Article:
Participate Translate Blank profile picture
Image for International Women's Day: no way we're reading a book by a woman

International Women's Day: no way we're reading a book by a woman

Published on


Gloria Steinem once declared that while the truth may set you free, 'first it will piss you off.' 8 March marks International Women’s Day, a day on which women around the world (but mostly around Europe and North America) are celebrating the fact that we are now more equal than ever before.

It’s also a perfect day for getting pissed off at how much we have left to accomplish - take literature, for example

Industry estimates suggest that about 60% of anglophone literature is written by women. Yet in 2005, the British Guardian newspaper reported that while women are equally likely to read works by men or women, four out of five men said that the last fiction they read was by a man. Many couldn’t remember the last book they had read by a woman. An informal poll taken yesterday suggests that even among educated, progressive cosmopolitans – including contributors – these imbalances still endure. Literary prizes tell a similar story: in the last twenty years, men have been awarded 65% of the Pulitzer prize for fiction (US), 70% of the Nobel Literature (Sweden) and Man Booker prizes (Commonwealth of Nations), 80% of the Georg Büchner preis (Germany) and a shocking 85% of the prix Goncourt (France). In the last ten years, only one woman has won the Czech-based Kafka prize, and only three have been awarded the US-originating Neustadt prize. Awards for poetry, drama, non-fiction and journalism show an even sharper masculine bias.

Read on French and British Goncourt, Premio Planeta and Nobel award-winners Virginie Despentes, Lucia Extebarria, Doris Lessing and Elfriede Jelinek

This bias isn’t because women are failing to produce literary masterpieces. It’s partly a result of publishers’ marketing decisions which often consign women’s writing to the bestselling but critically derided 'chick lit' category by giving them chocolate-box covers and critical blurbs that damn them with gender-stereotyped praise ('life-affirming', 'touching', 'bittersweet', 'heartfelt'). It’s partly a result of lingering inequalities in the popular press: most senior writers, editors and other 'taste-makers' are still men. A recent women in journalism (WiJ) report revealed that 74% of journalists on British national newspapers are men, and that eight out of the top ten newspapers have almost twice as many male editors as female editors. It’s also partly the fault of the critical establishment: the US association for women in literary arts VIDA’s results for 2010 show that across the most influential anglophone arts, politics and cultural journals and magazines, women contribute less than a quarter of the critical features and reviews. They are also about 75% less likely to have their own books featured or reviewed than those by male writers.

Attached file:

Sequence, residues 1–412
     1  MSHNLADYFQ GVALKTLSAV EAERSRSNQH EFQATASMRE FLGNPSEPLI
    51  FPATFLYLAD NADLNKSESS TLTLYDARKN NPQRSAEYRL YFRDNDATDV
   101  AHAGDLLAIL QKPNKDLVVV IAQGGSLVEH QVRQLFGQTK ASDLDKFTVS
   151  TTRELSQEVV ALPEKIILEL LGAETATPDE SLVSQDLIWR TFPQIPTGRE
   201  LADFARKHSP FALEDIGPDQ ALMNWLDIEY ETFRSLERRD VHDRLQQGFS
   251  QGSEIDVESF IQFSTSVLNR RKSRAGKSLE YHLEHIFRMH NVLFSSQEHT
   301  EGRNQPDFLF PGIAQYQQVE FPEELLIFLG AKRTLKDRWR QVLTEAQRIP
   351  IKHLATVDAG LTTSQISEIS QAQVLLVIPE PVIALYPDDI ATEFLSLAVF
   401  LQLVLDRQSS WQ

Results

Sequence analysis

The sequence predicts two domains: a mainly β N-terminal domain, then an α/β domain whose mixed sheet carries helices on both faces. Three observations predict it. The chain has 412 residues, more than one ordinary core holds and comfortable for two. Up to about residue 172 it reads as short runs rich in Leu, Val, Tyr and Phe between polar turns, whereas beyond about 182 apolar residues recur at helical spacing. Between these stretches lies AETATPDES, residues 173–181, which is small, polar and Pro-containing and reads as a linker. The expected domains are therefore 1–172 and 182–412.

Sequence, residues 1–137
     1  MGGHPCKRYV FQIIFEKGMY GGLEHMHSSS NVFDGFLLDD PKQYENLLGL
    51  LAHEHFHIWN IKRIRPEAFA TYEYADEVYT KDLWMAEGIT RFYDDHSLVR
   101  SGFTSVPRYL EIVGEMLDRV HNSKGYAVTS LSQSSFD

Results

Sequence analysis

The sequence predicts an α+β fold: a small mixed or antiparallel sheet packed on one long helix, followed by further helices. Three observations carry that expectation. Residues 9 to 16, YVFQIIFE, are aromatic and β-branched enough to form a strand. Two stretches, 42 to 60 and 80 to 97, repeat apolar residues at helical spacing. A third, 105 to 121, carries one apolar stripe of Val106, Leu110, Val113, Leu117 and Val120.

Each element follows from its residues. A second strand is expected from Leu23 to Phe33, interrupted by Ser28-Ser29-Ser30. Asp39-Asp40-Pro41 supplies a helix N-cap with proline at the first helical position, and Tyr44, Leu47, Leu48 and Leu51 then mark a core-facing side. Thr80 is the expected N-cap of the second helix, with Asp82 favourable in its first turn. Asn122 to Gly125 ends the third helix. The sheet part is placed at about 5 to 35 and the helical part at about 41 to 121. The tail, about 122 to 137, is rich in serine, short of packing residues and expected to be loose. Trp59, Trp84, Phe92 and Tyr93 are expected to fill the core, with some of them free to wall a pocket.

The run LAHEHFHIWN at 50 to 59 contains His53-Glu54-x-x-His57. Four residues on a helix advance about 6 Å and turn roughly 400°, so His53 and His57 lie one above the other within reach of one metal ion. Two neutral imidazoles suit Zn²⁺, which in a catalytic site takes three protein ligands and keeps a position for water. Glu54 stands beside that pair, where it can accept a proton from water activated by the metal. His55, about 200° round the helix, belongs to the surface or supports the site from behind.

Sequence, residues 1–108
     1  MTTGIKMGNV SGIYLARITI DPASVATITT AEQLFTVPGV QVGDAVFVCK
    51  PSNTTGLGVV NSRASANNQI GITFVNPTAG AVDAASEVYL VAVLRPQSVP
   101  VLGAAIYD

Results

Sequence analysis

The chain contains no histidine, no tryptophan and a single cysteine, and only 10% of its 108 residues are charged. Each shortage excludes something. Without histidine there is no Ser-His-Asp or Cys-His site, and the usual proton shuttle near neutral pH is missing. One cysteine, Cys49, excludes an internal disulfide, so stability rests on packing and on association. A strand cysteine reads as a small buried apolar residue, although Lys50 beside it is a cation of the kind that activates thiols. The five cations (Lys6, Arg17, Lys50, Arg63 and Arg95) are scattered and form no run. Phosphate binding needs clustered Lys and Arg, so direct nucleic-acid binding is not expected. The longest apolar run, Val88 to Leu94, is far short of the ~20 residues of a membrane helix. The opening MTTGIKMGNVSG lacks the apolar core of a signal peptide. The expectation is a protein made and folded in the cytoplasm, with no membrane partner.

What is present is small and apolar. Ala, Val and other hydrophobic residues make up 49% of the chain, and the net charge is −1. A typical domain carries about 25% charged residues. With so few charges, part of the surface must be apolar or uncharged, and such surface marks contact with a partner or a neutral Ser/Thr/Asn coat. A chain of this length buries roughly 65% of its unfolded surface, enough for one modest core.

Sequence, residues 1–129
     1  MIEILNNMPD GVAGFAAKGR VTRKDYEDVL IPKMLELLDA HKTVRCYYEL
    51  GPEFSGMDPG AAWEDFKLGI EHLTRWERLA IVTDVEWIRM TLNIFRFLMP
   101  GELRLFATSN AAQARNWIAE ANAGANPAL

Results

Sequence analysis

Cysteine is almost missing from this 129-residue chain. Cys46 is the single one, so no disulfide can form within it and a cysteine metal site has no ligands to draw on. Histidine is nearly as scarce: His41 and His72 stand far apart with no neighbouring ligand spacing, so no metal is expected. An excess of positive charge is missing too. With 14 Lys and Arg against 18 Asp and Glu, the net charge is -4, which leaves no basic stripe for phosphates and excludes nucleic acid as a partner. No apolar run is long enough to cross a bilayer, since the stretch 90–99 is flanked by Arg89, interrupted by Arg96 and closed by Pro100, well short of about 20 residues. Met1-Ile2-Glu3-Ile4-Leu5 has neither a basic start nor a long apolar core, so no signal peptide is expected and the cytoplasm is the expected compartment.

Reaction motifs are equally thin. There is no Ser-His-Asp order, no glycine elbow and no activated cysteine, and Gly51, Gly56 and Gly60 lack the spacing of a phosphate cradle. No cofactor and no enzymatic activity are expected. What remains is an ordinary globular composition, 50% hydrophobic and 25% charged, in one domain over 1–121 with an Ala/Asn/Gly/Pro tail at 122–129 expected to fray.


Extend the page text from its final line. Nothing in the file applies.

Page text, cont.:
Despite advances towards equality, literary women still have a long way to go. If women’s writing gets less press, it is less likely to be read, awarded prizes, studied, and thus less likely to become part of the canon of great literature. Ladies, hold off on cracking open that self-congratulatory bottle today. Gents, you might consider branching out a bit in the bookstore.

Latest reads: unofficial facebook poll

The Notebook, The Proof, The Third Lie: Three Novel (1997), Agota Kristof (Hungary)The Pocket Atlas of Women (2008), Sylwia Chutnik (Poland)Purge (2010), Sofi Oksanen (Finland)The News Where You Are (2010), Catherine O'Flynn; The Still Point (2010), Amy Sackville; The Sea, The Sea (2007), Iris Murdoch (UK)Checkout: A Life on the Tills (2009), Anna Sam (France)Eichmann in Jerusalem: A Report on the Banality of Evil(1963), Hannah Arendt (Germany) 

The author teaches at Oxford University and the Open University, and is the former senior editor of the Oxonian Review of Books

Image: (cc) andrewhefter/ Flickr